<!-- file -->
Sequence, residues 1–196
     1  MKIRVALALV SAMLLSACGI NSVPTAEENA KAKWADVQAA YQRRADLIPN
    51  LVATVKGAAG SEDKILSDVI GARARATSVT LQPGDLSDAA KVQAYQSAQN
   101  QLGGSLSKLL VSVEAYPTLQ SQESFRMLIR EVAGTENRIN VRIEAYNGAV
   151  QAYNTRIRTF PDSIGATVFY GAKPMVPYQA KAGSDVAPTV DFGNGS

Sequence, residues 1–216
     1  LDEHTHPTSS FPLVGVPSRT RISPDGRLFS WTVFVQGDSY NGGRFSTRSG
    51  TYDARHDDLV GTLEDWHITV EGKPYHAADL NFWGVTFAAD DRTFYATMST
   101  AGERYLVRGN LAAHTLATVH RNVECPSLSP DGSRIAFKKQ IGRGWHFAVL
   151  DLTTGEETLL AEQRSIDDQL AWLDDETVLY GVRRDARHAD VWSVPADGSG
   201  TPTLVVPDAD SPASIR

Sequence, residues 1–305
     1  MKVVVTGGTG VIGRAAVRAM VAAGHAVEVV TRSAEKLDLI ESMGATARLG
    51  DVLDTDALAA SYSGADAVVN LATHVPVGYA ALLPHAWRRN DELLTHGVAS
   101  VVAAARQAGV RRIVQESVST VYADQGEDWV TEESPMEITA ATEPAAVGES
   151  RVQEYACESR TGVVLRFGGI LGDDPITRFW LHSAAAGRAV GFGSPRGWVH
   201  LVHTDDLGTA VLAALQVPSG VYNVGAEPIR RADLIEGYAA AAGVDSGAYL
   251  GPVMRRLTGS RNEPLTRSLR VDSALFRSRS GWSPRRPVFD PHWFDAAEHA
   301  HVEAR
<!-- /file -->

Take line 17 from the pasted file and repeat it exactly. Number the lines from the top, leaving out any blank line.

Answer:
   201  LVHTDDLGTA VLAALQVPSG VYNVGAEPIR RADLIEGYAA AAGVDSGAYL